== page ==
NASA Astrophysics Data System (ADS)

    Home, D.; Whitaker, M. A. B.

    1993-02-01

    The genesis of quantum Zeno type results is shown to be in the suppression of “regeneration” terms in the state-vector. In the absence of intermediate effects, the “decayed” component of the state-vector at one time gives rise to a “surviving” component at later times. Intermediate effects can suppress this effect; they may be observations as in the original quantum Zeno “paradox”, or microscopic interactions. Thus all such processes are shown to be analogous formally, though of different status conceptually.

  15. Quantum imaging as an ancilla-assisted process tomography

    NASA Astrophysics Data System (ADS)

    Ghalaii, M.; Afsary, M.; Alipour, S.; Rezakhani, A. T.

    2016-10-01

    We show how a recent experiment of quantum imaging with undetected photons can basically be described as an (a partial) ancilla-assisted process tomography in which the object is described by an amplitude-damping quantum channel. We propose a simplified quantum circuit version of this scenario, which also enables one to recast quantum imaging in quantum computation language. Our analogy and analysis may help us to better understand the role of classical and/or quantum correlations in imaging experiments.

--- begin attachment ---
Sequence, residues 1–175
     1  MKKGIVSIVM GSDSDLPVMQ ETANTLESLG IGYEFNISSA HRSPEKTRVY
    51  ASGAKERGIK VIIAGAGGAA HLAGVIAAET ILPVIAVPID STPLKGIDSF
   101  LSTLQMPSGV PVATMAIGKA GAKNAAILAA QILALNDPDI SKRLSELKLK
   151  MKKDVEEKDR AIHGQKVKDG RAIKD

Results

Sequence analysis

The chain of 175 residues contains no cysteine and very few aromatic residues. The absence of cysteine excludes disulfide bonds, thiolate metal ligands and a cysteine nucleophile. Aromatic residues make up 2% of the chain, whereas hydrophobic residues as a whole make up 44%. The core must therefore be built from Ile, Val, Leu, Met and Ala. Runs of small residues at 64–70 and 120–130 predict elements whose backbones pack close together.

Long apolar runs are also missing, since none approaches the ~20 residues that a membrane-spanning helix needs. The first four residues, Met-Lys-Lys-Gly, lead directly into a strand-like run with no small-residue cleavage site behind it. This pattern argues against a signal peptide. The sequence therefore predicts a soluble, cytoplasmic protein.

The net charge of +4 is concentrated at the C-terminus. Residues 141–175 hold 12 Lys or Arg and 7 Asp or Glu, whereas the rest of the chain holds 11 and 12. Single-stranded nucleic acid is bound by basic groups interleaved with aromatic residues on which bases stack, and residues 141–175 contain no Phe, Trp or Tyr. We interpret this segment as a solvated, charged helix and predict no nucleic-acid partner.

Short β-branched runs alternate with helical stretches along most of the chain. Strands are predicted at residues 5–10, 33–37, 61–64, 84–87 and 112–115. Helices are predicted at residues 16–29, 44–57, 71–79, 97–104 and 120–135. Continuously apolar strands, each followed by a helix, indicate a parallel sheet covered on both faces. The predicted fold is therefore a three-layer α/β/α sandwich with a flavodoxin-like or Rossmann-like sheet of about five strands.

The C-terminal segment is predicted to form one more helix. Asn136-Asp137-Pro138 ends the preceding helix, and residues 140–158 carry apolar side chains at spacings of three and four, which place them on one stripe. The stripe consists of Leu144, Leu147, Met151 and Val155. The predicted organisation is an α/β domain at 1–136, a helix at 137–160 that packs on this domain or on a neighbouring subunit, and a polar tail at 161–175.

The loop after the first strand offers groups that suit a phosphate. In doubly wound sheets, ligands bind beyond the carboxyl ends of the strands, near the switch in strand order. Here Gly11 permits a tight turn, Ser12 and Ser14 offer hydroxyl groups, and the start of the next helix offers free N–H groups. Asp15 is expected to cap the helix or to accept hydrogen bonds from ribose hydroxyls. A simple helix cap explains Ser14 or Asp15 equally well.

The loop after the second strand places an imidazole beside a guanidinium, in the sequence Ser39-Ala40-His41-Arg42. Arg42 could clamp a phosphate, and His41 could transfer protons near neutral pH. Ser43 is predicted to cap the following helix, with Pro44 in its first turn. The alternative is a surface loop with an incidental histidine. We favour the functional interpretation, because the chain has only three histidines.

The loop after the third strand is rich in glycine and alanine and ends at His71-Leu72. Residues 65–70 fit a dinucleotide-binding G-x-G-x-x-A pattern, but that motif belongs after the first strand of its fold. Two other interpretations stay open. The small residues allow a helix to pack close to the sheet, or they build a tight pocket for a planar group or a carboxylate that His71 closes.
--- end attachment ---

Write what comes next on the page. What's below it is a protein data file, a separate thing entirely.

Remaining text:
16. Self-duality in Euclidean supergravity

    NASA Astrophysics Data System (ADS)

    Obrien, G. M.; Tchrakian, D. H.

    1985-01-01